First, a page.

Which Joe gave his name to ‘sloppy joes’? We look at five interesting sandwiches and their lexical origins.
A plant of the goosefoot family with leaves that are sometimes covered in a white mealy substance. Several kinds are edible and can be used as a substitute for spinach or sorrel.
- ‘Spinach was a better green vegetable than the goosefoots, sorrels, orach, and similar plants which were widely used in medieval Europe, and gradually usurped their place.’
- ‘This fresh picked basket of red orach is headed to the kitchen where it will be cooked like spinach.’
- ‘The plant can also be called mountain spinach, or orach.’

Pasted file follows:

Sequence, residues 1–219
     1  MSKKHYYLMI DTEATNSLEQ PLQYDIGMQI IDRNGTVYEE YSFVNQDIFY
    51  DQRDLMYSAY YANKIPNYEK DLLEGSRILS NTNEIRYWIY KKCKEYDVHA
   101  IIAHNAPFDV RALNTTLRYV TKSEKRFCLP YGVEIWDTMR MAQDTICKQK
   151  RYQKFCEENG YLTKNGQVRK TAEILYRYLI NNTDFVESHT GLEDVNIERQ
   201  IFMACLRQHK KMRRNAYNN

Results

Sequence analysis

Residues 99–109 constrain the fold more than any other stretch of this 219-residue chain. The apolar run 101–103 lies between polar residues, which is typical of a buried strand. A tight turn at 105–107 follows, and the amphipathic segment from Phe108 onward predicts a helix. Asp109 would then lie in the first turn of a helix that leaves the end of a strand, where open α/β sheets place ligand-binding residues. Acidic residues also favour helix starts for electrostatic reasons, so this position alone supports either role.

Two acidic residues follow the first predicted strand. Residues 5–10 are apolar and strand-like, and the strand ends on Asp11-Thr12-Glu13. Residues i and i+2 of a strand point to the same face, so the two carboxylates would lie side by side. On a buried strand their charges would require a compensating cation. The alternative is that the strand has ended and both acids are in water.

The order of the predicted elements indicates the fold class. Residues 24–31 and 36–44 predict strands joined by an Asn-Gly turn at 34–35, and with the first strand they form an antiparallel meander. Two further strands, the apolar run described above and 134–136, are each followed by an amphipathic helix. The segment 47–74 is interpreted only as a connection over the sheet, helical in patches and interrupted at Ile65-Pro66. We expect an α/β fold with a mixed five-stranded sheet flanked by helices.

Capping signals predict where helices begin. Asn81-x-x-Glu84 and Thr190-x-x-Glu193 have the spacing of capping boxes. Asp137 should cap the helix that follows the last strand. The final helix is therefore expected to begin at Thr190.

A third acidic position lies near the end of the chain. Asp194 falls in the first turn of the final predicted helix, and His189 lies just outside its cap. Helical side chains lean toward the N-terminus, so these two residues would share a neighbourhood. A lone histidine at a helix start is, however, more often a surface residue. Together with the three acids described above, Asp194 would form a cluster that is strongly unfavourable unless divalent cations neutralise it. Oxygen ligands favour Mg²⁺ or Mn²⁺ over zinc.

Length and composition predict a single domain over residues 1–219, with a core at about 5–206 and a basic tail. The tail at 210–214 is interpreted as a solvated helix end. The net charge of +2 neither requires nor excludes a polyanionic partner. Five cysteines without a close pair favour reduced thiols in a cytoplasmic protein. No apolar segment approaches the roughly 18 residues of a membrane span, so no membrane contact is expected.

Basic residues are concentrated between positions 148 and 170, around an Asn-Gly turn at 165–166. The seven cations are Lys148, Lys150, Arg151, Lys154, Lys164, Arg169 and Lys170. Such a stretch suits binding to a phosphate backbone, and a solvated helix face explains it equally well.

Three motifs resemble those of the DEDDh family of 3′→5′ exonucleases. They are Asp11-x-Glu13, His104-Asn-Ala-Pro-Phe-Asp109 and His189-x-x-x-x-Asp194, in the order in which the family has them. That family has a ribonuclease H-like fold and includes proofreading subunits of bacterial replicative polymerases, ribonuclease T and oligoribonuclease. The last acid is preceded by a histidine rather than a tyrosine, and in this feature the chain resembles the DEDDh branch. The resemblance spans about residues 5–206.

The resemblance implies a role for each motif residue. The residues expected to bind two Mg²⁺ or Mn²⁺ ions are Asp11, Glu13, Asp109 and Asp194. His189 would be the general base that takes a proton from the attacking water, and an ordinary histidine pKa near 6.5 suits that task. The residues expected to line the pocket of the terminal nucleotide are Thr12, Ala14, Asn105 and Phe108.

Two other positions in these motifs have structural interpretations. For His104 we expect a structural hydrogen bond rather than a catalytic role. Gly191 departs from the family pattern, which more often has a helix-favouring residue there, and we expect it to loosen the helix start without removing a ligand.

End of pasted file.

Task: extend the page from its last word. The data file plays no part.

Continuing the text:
- ‘To the side I heaped up a pile of purple orach, and of course we set out piles of business cards and brochures along with an open photo album.’
- ‘Orach can be cooked, but most varieties lose their bright colors.’
Middle English orage, from Anglo-Norman French arasche, from Latin atriplex, from Greek atraphaxus.
We take a look at several popular, though confusing, punctuation marks.
From Afghanistan to Zimbabwe, discover surprising and intriguing language facts from around the globe.
The definitions of ‘buddy’ and ‘bro’ in the OED have recently been revised. We explore their history and increase in popularity.